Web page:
And of course the erstwhile Sutro Sunset Cam timelapse set up by the honorable @rrmutt:


(slow to load, as Flickr invariably is, but worth it)

The headline of this post is via @AndyKosinski.

UPDATE: Andy provides more details on the Cole experience:

The History of a Piece of Oakland

January 27, 2015
tags: ,

A year ago my now friend @brockwinstead wrote a fascinating series of blog posts digging into the people who used to own his house and the land on which it stands. He contacted BOOM: A Journal of California and it is now an article in the winter edition.

Brock had dug up lots of old and cool maps in his investigations. The awesome Jon Christensen at BOOM asked me if I’d be interested in making a digital mapping supplement to Brock’s article. Little did I know what I was getting into when I said “sure, that should be straightforward.”

Much Javascript and CSS and GeoJSON later, behold the historical slippy map showing how a ridiculously large land grant got whittled down by regime change and sub-divided over time. Click on the years to travel through time and space, hover or click over red things for more information. While it is certainly viewable on mobile, it is even better on a desktop. (Click on the image because WordPress hates iframes.)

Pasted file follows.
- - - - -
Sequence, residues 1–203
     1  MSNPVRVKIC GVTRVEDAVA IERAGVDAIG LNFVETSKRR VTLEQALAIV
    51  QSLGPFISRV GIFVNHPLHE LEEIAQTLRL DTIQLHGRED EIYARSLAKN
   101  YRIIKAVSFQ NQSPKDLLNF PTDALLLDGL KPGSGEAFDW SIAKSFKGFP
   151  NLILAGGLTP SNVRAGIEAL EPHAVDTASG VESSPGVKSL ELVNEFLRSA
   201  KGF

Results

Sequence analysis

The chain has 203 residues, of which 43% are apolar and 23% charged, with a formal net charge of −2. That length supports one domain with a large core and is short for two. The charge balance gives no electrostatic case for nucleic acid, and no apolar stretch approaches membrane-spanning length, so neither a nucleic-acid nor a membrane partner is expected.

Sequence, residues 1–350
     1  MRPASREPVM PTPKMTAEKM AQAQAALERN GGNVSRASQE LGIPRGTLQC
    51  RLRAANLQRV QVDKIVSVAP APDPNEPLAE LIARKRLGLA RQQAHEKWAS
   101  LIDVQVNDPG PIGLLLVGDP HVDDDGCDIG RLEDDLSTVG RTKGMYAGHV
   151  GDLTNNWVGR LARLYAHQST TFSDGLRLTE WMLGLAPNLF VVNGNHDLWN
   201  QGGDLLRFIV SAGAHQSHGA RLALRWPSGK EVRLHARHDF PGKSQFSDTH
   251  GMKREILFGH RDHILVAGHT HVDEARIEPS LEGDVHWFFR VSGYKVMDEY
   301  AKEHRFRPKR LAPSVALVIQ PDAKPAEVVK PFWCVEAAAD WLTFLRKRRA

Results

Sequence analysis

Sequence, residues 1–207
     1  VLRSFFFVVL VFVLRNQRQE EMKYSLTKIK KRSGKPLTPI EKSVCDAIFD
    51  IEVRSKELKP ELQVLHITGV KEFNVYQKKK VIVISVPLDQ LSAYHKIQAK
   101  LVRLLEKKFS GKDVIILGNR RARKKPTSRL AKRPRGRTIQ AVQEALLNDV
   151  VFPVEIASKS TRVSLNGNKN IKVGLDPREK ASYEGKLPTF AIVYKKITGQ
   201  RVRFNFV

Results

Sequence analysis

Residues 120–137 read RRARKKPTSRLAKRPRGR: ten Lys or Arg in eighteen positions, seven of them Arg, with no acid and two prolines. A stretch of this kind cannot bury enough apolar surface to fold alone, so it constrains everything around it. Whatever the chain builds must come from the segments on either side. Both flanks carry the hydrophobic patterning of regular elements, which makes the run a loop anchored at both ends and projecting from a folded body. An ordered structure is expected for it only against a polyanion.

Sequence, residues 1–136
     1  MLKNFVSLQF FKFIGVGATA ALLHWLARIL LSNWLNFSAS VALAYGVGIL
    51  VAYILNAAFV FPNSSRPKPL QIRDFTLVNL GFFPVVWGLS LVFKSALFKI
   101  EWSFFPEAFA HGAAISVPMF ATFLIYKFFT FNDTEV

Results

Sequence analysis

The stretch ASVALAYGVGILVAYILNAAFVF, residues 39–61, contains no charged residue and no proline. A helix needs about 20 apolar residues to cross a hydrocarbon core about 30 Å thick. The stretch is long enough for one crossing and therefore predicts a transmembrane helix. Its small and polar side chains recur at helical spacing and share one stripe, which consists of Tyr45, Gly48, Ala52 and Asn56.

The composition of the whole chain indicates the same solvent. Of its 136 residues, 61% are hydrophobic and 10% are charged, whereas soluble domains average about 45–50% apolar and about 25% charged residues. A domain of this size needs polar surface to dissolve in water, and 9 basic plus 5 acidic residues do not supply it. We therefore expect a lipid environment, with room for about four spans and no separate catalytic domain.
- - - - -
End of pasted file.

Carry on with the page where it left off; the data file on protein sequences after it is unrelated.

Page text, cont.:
1820 Rancho San Antonio

In the 1820s the Spanish government regularly granted good soldiers like Luis Peralta chunks of land larger than present-day San Francisco. In the 1850s, Americans forced them to sell most of it off. Seventy-five years after the grant, the Peraltas sold off their last piece of the grant.

Brock read his article and interviewed me on his show The Eastern Shore — we talked about the map and the people and what we learned making it (both historical and technical). Gracefully edited podcast version here:

What did I learn? While I would love to do this for more neighborhoods, it was a heavy, heavy lift. For those map and history nerds amongst you, the basic workflow was:

old maps —> NYPL Map Warper —(GeoTIFF)—> Google Earth —(KML)—> QGIS —(shp)—>
CartoDB —(GeoJSON)—> Leaflet —(JS/JQuery/CSS)—> dynamic slippy map

This is not a scalable workflow. I am pretty sure this needs to be an integrated product. I just need to figure out where I can work to make that happen.

NB: I have collected all the slippy maps onto for your viewing pleasure.

But before you think all the other websites get the good stuff, a Burrito Justice exclusive! Here’s a GIF of one of our first efforts to align actual Sanborn maps. (Click to zoom)

sanborns 1889-1903-1911-1951

Song Frankongsko

January 26, 2015

Hong Kong, 1841

Hong Kong Island 001 (2)

San Francisco, 1847

San Francisco 1847

(Hong Kong 1841 via the Corinthian Column. SF 1847 via the Big Map Blog.)


January 26, 2015

I have the best followers.

Heron’s Head Park

January 20, 2015

Such a nice spot. So much better than a Southern Crossing.


And what great view of the Burrito Railgun.


And Sutro and Bernal of course.